I have asked a question previously about my great grandfather William Rouse (1860-1948) in Finding 1896-1897 residence of William and Emily Mountjoy Rouse in Adelaide, South Australia? and as I get further into the online Sands and Macdougall South Australian Directories I have become keen to learn more about a family story that was passed down to me about his "rose gardens that were compulsorily acquired by the South Australian Government".

So far I have learned that he actually had two nurseries:

  • Kent Town Nursery at 11 North Terrace, Kent Town (see picture from 1910 Sands and Macdougall directory below) which is adjacent to the CBD of Adelaide and only a stone's throw from the Adelaide Botanic Garden; and

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  • another about two miles away at 96 Seventh Avenue, East Adelaide (abbreviated E.A. and often called St Peters; see picture below from 1939 Sands and Macdougall directory below).

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I will be able to look at more directories to get the exact years that his nursery is listed at each address but the move from Kent Town to East Adelaide (St Peters) was between 1910 and 1920.

The Kent Town nursery is often referred to in the directories as Exotic Nursery and seems to be the same one written about in the South Australian Advertiser of 7 Feb 1881.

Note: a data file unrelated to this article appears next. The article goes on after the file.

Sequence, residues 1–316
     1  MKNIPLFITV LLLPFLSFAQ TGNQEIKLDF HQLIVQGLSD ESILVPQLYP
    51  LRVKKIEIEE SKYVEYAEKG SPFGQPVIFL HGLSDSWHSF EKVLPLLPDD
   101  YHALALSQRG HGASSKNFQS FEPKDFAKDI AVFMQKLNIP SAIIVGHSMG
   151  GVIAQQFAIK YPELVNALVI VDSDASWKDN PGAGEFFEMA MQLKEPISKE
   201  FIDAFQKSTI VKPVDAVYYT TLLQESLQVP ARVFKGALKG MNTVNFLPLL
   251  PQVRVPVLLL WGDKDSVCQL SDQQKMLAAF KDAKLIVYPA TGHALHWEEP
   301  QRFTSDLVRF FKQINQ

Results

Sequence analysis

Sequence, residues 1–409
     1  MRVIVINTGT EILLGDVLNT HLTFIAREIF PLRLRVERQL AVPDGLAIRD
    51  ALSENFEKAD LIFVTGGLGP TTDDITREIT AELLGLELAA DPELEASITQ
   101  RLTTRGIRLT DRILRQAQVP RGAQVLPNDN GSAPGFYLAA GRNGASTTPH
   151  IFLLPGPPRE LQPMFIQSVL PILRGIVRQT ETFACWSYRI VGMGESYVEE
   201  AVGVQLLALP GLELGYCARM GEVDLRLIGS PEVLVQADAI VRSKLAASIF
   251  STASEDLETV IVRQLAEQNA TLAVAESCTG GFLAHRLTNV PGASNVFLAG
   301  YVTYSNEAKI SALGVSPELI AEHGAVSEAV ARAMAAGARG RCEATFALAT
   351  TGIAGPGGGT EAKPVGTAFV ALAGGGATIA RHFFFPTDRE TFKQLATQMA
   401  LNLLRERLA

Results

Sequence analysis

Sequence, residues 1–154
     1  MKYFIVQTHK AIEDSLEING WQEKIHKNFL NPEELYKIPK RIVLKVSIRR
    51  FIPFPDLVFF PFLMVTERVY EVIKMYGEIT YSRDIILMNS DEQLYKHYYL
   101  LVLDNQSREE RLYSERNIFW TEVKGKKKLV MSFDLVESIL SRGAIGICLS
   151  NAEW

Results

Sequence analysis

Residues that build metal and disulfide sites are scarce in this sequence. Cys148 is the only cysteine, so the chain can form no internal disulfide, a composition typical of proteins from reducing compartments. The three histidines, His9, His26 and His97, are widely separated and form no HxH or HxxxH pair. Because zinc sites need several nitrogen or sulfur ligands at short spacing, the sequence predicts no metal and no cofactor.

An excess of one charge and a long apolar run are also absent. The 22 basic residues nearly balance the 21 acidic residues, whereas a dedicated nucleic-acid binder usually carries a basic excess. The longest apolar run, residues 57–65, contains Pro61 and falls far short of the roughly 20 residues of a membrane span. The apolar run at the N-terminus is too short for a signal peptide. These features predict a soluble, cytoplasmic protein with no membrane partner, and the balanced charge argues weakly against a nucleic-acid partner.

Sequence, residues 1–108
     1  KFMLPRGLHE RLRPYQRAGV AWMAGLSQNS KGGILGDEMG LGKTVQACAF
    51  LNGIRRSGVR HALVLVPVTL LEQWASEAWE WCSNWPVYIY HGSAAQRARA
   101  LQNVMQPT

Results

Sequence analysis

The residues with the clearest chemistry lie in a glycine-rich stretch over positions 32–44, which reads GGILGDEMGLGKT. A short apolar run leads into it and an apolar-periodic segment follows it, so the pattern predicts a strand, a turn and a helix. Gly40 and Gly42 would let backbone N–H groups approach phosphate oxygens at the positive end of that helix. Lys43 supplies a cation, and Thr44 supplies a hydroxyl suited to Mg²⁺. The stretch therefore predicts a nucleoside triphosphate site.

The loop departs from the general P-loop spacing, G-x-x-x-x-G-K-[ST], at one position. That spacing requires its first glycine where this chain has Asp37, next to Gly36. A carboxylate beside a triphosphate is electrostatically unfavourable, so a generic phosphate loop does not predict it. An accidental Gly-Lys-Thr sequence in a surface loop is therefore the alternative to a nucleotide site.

In the meantime I am wondering what sources there may be to investigate SA Land Ownership and Transfers in order to try and find the basis of our family story about "compulsory acquisition by the South Australian Government"?

  • 1
    My first approach would be to determine the location of the parcels and look for them in property tax records. Then try to narrow down the time frame, look for maps, etc. Start with contemporary records and work backwards. Plus, have you checked Trove? If the government was using eminent domain, there might have been some discussion in the news.
    – Jan Murphy
    Feb 28 '15 at 4:29
  • Thanks @JanMurphy - I'm not sure what our equivalent to property tax records are, but the two nursery locations are easily found in Google Maps. I'll target narrowing down the time frame first. I'm thinking that the story must link to leaving the first nursery rather than the second (which seems to have only been when he died aged 88 in 1948). I had not heard the term "eminent domain" before but in 1906 it looks like the town clerk of Adelaide was not keen on it: trove.nla.gov.au/ndp/del/article/14799180 This is not long before the time I am zeroing in on - interesting!
    – PolyGeo
    Feb 28 '15 at 11:40
  • If the rose gardens still exist today, one other avenue of investigation would be to look for books on the history of the rose garden, maps of local parks, etc.
    – Jan Murphy
    Feb 28 '15 at 19:19

Finding out when your great-grandfather owned his land and working forward may reveal when it might have been taken from him.

Australian land records

The FamilySearch Research Wiki's article Australia Land and Property outlines events in the history and development of Australia. According to their timeline, land records for South Australia begin in 1836. Another important waypoint is 1858:

1858: Torrens system of land conveyance and registration in South Australia provides title registration for first time; other states follow.